For those who don’t know, this is in reference to my programs, which I break into seven sections based on what we are trying to accomplish. For example, any foam rolling work you do is always first (though I won’t prescribe it for everyone). After that, we do exercises to “reset” your nervous system. After that, you do a more dynamic warm up to prepare your body for training… you get the idea.
This post is not meant to be thorough and exhaustive, but instead to give you some ideas to help spark your own thinking.
The RDL is the purest form of a hinging pattern and the easiest way to teach someone how to use their hips, glutes, and hamstrings independent of their spine. I would say that’s a pretty objective opinion of mine seeing as you’re minimizing complexity of the movement by all but eliminating the contribution at the knee. In terms of complex movements, it’s a pretty simple one.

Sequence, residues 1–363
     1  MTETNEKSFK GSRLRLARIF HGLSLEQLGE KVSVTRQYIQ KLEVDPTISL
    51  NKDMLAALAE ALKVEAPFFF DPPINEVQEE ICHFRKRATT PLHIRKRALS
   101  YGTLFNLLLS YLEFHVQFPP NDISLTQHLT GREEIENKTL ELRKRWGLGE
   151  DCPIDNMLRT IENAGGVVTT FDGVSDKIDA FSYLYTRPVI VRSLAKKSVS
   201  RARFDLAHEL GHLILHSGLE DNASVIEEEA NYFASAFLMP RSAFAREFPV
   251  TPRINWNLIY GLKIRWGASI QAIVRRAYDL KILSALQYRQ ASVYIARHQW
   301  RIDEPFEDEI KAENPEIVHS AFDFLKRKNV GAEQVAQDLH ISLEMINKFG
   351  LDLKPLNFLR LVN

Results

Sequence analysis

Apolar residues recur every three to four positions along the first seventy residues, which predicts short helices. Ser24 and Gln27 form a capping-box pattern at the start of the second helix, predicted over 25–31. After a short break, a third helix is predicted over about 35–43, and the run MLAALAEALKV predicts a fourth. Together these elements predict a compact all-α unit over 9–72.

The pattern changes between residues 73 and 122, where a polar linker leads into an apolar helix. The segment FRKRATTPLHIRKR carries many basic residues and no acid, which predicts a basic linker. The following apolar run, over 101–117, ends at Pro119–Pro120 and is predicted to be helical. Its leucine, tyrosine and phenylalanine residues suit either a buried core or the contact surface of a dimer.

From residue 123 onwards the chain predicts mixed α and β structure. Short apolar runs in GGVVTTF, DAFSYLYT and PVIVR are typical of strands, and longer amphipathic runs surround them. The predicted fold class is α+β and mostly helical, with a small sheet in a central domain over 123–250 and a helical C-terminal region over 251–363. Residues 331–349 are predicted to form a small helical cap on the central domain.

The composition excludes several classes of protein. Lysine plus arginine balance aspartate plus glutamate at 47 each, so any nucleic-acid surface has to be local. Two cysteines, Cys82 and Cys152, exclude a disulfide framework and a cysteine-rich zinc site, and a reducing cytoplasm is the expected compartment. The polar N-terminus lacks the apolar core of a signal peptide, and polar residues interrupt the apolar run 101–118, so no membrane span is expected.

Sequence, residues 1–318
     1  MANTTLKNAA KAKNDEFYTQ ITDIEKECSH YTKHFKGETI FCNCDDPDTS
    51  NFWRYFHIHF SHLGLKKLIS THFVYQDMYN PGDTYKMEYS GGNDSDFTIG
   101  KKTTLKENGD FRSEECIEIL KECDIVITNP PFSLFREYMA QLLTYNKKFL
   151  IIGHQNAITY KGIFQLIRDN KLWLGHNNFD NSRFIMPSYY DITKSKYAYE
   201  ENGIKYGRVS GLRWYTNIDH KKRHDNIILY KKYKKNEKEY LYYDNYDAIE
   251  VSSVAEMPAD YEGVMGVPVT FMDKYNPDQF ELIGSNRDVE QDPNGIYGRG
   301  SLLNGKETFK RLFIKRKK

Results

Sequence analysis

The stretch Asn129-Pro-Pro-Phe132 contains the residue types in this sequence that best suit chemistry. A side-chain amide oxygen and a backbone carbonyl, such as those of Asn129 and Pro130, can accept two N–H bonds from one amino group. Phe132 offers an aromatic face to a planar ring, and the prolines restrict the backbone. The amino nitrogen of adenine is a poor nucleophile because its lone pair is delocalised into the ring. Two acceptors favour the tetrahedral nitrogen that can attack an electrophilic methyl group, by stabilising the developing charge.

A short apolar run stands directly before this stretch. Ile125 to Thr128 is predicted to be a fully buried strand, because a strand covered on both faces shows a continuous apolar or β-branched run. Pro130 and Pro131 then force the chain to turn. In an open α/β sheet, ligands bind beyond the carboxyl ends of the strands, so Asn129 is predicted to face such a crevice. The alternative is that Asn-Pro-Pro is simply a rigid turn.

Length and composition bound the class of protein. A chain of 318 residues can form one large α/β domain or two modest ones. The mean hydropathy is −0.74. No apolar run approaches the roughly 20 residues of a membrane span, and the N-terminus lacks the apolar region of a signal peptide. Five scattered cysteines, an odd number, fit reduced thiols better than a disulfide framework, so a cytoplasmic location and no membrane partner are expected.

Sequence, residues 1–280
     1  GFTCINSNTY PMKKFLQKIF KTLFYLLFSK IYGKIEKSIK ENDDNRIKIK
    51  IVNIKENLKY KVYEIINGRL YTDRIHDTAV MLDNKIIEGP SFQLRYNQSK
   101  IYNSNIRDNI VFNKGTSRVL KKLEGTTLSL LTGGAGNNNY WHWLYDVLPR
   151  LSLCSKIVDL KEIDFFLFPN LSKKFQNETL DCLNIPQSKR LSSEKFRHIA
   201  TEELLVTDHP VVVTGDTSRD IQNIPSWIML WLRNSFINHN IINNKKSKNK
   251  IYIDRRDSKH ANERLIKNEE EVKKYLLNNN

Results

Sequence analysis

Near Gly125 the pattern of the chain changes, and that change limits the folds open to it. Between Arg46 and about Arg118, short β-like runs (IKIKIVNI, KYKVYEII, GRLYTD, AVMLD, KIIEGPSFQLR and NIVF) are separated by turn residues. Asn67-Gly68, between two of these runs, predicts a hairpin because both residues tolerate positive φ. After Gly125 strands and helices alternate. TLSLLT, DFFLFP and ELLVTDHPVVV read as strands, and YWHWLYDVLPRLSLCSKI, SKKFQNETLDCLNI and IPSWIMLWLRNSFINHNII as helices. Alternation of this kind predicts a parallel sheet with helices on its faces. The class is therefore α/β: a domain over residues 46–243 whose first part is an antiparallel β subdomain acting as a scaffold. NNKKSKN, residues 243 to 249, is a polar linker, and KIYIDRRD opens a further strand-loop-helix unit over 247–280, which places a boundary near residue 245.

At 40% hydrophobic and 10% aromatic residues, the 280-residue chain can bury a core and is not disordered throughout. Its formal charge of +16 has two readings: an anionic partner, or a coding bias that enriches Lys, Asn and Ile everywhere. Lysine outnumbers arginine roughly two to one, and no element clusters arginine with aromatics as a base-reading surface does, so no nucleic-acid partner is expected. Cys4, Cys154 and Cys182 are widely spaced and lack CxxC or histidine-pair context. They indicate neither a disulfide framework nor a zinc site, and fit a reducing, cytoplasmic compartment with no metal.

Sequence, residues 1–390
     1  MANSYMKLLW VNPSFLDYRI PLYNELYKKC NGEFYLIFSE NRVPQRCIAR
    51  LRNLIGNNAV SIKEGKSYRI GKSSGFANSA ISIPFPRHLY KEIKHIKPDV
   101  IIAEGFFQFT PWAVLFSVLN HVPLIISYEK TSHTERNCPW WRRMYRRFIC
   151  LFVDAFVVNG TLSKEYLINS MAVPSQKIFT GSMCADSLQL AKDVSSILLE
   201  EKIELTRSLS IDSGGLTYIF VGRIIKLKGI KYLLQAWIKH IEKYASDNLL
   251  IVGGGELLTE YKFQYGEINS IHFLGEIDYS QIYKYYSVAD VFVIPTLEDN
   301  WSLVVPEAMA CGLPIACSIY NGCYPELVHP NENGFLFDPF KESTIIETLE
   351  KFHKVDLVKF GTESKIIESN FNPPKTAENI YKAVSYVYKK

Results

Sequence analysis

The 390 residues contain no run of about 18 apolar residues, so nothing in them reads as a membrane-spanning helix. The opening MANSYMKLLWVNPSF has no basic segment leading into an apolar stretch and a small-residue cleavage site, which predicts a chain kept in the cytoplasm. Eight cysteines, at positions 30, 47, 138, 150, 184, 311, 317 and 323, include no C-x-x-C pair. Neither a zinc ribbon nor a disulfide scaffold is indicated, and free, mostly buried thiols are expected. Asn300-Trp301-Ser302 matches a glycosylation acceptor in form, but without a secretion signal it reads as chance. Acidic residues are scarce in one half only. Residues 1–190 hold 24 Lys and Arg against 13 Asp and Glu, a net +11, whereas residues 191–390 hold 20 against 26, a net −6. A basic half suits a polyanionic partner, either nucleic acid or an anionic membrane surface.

I will start most people with an RDL, even if they already have lifting experience. Well, maybe especially if they have lifting experience because, often times, I need to re-teach their hip hinge.
Now, once you know this, I’m generally going to throw on more complexity. For example, when you can demonstrate a consistently (or semi-consistently) clean RDL pattern, I’m going to then have you RDL the weight to the knee, then squat the weight down to the floor.
Ta da! Then we have a deadlift pattern.
The RDL is a fundamental movement that I need all of my clients to know, and it’s arguably the easiest way to teach hip extension while keeping the acetabulum over the femoral head.